How to Talk to Your Therapist About Your Progress in Therapy

Bruce Wampold, PhD
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How to Talk to Your Therapist About Your Progress in Therapy


Collaboration with your therapist is critical to the success of your therapy. Collaboration depends on two aspects: Your relationship with the therapist and a focus on your progress. Numerous studies have shown discussing information on your progress during therapy and on your relationship with your therapist improves the outcome of therapy. The field has given this process a name: Measurement-based care (MBC) in mental health care.

Unfortunately, some therapists do not have access to the assessment instruments or have not been informed of MBC. So, you can introduce the topic by saying something like this: “I have read that tracking my progress in therapy and my perceptions of therapy and discussing it with you will be beneficial for our work together. I have an app on my phone, designed by a psychotherapy expert, on which my progress can be tracked. I want to share this information with you.”

For some therapist with familiarity with MBC, this might be sufficient. Other therapists will be curious. “Here is a link that describes MBC and the system that the app is using.”

One of the beneficial aspects of MBC is the discussion of your progress and your perception of the therapy and the treatment. Here are some pointers:

  • Be honest about how you feel about your progress and your treatment. Your therapists should value your sense of therapy. Some of these conversations might be difficult for you and for your therapist. Give your observations without blaming yourself or your therapist.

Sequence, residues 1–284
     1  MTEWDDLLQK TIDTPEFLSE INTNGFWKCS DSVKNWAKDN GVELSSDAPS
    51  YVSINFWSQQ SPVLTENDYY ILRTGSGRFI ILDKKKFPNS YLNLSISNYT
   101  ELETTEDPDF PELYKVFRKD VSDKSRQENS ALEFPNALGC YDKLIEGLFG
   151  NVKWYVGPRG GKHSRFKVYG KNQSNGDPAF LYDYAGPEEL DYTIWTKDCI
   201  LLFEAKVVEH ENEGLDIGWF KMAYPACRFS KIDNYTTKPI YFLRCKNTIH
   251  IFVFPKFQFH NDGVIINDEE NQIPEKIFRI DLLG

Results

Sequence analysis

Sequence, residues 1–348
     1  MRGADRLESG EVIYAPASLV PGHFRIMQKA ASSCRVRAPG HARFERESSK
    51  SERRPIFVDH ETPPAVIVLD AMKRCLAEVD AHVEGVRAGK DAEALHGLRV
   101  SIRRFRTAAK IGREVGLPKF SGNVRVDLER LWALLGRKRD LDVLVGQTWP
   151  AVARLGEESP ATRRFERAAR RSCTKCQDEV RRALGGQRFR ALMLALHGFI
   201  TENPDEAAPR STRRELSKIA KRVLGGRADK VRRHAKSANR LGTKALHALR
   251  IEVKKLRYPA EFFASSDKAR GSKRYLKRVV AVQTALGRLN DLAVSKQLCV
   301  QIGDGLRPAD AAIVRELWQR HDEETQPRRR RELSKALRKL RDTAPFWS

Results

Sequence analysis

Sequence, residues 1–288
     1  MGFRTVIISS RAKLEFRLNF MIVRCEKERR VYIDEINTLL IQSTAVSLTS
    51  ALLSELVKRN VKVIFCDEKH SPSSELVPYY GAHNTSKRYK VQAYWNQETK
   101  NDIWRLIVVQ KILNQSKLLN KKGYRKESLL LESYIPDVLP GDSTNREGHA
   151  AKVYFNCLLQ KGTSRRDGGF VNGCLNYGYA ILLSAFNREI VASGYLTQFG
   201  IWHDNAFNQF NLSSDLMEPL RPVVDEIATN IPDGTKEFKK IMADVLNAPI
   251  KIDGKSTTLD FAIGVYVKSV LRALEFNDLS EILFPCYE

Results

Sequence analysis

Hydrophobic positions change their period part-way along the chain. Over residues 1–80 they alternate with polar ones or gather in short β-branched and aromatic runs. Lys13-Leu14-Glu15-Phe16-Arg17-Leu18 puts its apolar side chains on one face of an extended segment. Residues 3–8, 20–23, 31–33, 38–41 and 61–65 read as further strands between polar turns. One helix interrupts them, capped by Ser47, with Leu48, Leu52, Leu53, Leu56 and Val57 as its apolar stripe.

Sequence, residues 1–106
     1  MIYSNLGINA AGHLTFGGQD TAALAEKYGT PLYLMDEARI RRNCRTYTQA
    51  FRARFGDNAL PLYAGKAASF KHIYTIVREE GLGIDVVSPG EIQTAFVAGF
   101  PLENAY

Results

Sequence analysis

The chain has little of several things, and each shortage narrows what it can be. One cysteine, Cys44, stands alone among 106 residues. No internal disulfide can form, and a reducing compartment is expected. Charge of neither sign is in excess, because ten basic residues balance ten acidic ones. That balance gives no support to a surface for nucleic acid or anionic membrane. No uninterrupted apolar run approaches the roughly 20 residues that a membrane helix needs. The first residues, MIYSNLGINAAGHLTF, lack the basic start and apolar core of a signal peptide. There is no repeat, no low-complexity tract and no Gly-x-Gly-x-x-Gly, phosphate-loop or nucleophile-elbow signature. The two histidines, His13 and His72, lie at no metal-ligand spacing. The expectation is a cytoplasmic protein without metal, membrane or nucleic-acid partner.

• Sometimes, your progress will surprise you or your therapist: “I didn’t pay attention to how well I am doing lately.”
  • Or sometimes, your progress has been slow and frustrating. “I don’t seem to be making much progress in therapy and that’s frustrating. Can we talk about that?” This can be a difficult conversation to start but it is often the best way to get therapy going.
  • It may well be that you find your therapist warm, accepting, and caring, but you are confused about how the treatment will be helpful: “I really like you and feel that you care about me. But I just don’t understand how what we do in therapy will help me achieve my goals.” If you are unsure about the goals of therapy, you can ask about that too!

Remember, these discussions are legitimate and have found to make therapy more effective. Most therapists will welcome the information and be eager to discuss it with you. You and your therapist are in this together.

Track Your Progress and Start Taking Control of Your Therapy

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